Anchorage’s Lael Wilcox wards off possums and snakes to claim women’s title in 358-mile gravel bike race

Anchorage endurance cyclist Lael Wilcox spent a long day and night dodging possums and snakes on the Kansas prairie last weekend while capturing her second straight women’s victory in the Unbound Gravel XL race.

Wilcox averaged 13.22 mph in the 358-mile gravel race, the longest of several races held Friday and Saturday as part of the annual Unbound Gravel races in the Flint Hills near Emporia, Kansas.

Besides critters that live in the tall grasses, racers contended with hot weather and strong winds.

Some 2,000 cyclists competed in distances ranging from 25 miles to 358 miles, with more than 900 racing in the 200-mile race and another 700 in the 100-mile race.

Wilcox, 34, placed 12th overall in a field of 47 finishers in the event’s longest race. The race started Friday afternoon and ended Saturday afternoon in Emporia.

Wilcox, a veteran of many longer races, never stopped to sleep and finished just shy of 27 hours in a time of 26:55:24. She was seven seconds out of 11th place overall and two minutes ahead of the second woman, Amanda Nauman of California.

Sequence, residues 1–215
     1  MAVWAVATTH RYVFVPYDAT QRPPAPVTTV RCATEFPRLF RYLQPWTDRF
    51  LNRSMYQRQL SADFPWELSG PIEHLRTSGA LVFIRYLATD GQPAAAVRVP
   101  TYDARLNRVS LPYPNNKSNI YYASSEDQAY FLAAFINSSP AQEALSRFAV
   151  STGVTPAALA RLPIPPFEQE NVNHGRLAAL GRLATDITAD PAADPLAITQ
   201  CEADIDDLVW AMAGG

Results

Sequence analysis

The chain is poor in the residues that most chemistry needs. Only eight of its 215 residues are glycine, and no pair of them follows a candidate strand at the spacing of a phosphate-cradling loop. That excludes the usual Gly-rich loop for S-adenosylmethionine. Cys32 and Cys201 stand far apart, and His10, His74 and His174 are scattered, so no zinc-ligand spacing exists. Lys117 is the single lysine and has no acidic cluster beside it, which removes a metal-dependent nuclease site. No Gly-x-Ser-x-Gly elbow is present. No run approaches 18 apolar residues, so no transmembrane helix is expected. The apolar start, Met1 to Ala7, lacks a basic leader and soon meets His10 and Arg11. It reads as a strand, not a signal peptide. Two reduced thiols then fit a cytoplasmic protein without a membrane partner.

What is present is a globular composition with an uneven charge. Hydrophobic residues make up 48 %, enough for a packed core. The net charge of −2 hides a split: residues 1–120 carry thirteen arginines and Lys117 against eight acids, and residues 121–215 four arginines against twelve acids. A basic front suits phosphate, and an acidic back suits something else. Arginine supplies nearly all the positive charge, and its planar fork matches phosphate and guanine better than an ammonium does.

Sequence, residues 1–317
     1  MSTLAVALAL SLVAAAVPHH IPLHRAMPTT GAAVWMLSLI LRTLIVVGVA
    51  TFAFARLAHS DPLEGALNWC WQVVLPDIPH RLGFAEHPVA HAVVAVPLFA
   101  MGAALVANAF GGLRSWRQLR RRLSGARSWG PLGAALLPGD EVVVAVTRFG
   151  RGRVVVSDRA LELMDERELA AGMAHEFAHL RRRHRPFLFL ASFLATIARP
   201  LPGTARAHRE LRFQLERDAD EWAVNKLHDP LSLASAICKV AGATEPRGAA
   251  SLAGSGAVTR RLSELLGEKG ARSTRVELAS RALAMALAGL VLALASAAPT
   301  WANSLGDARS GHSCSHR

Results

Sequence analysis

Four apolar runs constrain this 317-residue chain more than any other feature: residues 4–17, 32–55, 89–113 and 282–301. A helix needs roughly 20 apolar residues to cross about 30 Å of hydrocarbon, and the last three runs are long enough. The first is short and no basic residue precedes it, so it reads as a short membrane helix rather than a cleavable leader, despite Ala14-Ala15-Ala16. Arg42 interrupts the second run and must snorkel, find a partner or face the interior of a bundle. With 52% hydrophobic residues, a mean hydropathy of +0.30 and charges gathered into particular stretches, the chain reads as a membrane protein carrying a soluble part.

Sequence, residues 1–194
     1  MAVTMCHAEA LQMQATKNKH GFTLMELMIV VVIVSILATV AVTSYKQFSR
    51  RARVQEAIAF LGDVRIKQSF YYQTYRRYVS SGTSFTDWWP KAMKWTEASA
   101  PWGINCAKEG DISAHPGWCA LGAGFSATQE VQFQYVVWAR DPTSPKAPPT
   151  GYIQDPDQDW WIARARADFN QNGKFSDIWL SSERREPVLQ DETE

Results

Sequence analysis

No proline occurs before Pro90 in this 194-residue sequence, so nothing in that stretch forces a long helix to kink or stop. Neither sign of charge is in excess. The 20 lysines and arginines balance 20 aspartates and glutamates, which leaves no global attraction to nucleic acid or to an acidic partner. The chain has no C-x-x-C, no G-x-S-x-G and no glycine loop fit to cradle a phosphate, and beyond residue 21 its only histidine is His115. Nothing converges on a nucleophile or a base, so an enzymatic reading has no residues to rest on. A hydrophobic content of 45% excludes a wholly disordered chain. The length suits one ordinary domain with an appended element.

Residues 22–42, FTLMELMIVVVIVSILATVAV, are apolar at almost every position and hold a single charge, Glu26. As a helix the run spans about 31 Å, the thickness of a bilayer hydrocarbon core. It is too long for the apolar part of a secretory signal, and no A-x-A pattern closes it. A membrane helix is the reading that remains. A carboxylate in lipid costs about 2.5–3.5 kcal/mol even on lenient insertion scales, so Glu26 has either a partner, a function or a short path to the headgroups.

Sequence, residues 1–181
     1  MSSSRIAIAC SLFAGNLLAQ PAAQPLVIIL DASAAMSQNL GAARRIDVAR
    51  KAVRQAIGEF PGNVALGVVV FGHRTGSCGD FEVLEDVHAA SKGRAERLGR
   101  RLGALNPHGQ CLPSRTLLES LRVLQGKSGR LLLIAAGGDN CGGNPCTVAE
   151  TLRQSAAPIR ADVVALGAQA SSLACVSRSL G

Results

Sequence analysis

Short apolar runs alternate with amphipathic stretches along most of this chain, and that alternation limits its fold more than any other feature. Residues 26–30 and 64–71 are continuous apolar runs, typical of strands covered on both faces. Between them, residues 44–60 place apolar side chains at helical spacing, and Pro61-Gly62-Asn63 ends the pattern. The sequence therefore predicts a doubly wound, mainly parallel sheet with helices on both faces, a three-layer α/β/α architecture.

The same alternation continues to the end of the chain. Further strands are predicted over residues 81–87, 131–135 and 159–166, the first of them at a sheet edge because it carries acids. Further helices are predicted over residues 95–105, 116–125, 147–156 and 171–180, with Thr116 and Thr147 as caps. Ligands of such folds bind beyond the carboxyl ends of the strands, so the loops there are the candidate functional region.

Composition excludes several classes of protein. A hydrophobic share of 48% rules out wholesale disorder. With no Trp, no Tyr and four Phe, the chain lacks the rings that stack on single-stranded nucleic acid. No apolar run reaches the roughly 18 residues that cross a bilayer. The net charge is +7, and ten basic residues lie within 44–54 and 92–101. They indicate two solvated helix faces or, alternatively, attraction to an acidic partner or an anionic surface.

“It was really hard,” Wilcox told Velo News. “But it’s not cold and there are people around and you only need lighting for one night. I was dodging possums all night long, and snakes.”


One of the top endurance cyclists in the world regardless of gender, Wilcox said the course was more difficult this year than in 2019, the last time the race was held.

In 2019, Wilcox topped the women in 23:51, three hours faster than her time this year. She was one of six cyclists who broke the 24-hour barrier that year; this year, only one racer finished in less than one day — winner Taylor Lideen of Phoenix, who dipped below 23 hours (22:57:14). Lideen broke the event record for speed, averaging 15.9 mph. The previous fastest pace was 15.1 mph.

Beth Bragg

Beth Bragg wrote about sports and other topics for the ADN for more than 35 years, much of it as sports editor. She retired in October 2021. She's contributing coverage of Alaskans involved in the 2022 Winter Olympics.